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Home Loan Refinancing - the Pros and Cons

Home Loan Refinancing - the Pros and Cons

AUSTRALIANS reckon a change is as good as holiday, and some homeowners are pulling out all stops to prove it.

In fact, the Australian Bureau of Statistics (ABS) says over 176,000 individuals switched lenders in the chase for better mortgage rates over the past year.

It's also known as "refinancing", and there are significant reasons to shift to a new lender.

Among the most obvious is the speculation about interest rate hikes, while the proliferation of lenders has really ramped up home loan choice.

Other motives include dissatisfaction with a current lender's service levels, the need for superior mortgage flexibility (redraw, interest only repayments and credit cards) or the chance to pay off a home loan earlier.

Others will refinance as a way of consolidating higher interest debt (credit cards and personal loans) into a lower paying loan like a mortgage.

Additionally, swapping lenders allows some individuals to use the increased equity in their homes to raise funds for renovations or other investments.

But whatever your motivation for refinancing may be, there are significant costs to consider too.

Refinancing can set you back as much as $1000 (and more, in some cases).

Expect to pay a few hundred dollars in valuation fees, as well as an early discharge fee to your old lender - particularly if you're breaking out of a fixed interest mortgage arrangement.

You'll also probably have to pay an application fee (around $400) when signing up for a new loan plus mortgage insurance if you borrow more than 80 per cent of a property's value.

Then depending on which state you live in, you might be faced with an additional stamp duty charge.

And that's just the financial expense - refinancing can be a large drain on your time, too. Think about it. Rather than one lender, you're now dealing with two, and the paper work involved can be significant.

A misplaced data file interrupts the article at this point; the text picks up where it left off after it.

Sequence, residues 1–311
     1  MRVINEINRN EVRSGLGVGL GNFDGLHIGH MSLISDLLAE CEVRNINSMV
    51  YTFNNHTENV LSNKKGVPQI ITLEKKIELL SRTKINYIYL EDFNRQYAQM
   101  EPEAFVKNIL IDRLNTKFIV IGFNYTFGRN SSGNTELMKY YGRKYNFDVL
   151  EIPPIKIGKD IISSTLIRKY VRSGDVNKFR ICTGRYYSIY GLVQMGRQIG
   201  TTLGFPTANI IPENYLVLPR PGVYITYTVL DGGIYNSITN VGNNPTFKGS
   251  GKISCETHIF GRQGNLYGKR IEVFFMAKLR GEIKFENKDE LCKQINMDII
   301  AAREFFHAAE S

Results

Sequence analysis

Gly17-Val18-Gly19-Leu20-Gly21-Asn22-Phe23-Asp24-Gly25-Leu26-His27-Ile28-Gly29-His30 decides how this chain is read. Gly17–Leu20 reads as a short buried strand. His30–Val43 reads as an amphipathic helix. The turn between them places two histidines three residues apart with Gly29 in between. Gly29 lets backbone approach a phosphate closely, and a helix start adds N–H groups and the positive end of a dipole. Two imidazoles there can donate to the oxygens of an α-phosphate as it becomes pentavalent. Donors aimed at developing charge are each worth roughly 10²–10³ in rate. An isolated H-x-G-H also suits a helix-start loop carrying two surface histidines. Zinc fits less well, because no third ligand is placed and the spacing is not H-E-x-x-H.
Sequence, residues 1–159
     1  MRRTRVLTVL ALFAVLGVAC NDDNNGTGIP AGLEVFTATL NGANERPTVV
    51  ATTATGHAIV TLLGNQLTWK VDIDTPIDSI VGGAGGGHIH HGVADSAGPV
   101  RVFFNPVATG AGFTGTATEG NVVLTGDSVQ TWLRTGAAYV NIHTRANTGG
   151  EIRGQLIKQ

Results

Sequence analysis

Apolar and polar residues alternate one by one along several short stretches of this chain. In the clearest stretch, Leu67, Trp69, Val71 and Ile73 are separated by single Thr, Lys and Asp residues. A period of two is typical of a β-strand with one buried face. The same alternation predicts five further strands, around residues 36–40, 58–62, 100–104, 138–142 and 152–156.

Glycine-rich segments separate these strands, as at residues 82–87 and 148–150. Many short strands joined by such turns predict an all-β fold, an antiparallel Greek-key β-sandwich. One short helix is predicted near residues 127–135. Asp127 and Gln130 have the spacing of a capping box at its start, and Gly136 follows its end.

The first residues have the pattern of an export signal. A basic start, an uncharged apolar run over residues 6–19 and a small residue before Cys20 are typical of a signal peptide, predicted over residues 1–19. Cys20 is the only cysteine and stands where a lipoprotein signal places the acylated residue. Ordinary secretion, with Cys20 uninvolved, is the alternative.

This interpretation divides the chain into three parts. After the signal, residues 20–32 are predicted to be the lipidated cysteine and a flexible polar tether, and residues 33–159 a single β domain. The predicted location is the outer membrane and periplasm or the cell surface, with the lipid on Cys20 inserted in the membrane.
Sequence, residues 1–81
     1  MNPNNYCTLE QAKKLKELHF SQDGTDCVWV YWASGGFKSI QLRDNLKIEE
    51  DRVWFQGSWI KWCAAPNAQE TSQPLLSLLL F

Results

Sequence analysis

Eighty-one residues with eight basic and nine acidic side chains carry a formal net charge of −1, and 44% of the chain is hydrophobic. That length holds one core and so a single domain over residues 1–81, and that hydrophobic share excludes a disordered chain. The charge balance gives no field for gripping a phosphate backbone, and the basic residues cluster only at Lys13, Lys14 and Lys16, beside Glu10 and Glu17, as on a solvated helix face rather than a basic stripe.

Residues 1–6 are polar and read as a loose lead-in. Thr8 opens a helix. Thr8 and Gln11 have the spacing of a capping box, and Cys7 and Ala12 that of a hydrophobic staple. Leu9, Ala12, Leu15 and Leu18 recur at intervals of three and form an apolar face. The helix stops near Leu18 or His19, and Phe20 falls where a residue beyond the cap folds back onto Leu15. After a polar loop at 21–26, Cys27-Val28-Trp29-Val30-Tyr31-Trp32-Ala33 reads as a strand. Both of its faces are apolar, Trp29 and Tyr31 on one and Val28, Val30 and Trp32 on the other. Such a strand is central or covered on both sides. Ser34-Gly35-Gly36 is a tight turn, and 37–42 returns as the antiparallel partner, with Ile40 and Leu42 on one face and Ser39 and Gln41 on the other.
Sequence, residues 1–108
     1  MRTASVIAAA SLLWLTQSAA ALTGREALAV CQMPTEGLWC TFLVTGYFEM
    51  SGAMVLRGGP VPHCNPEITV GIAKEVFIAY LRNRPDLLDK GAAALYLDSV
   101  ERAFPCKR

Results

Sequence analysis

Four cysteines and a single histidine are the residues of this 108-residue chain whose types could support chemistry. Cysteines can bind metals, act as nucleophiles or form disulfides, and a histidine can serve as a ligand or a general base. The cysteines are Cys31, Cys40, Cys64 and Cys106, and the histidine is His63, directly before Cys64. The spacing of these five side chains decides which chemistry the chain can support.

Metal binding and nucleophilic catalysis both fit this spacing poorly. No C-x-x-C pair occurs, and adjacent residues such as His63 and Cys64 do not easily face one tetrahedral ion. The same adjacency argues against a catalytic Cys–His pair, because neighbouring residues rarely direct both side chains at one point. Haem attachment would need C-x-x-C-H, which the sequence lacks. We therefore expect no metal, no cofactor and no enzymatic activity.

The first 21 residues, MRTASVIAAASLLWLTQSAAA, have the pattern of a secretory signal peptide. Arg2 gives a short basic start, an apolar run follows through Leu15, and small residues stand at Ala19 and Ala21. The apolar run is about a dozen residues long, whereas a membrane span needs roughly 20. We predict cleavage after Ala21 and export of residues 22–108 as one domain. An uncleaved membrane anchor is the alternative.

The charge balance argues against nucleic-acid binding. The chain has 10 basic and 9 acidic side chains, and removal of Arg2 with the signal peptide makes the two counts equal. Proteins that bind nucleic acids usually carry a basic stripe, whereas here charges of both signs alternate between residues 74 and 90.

One option is to seek the assistance of a mortgage broker. They can match you with the right lender and manage the resulting information flow and paper work. But of course there are payment considerations, which may affect the advice you receive.

As a rule, lenders pay mortgage brokers an upfront fee of around 0.4 per cent of the value of the loan amount, while trails (ongoing commissions) may represent around 0.2 per cent of the loan balance.

So before you do anything, contact your current lender to see what it can offer.

You may be able to switch for little or no cost - this has to be worth a quick phone call.

As part of your decision-making, I'd recommend sitting down and working out the costs of refinancing and how long it will take to recoup them.

If you're planning on selling in the short term, refinancing may not be for you. However, if you're planning to keep the property for the long haul, the hassles and costs of refinancing might be worth the pain.

Finally, if your number crunching shows you can save some money, then switching lenders is a perfectly good option, but remember to ask if your current lender can match the deal you are considering before you move.


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Mortgage Document:
The physical contract agreement that a Mortgagee (lender) enters into with a Mortgagor (borrower) outlining the precice terms of a mortgage loan.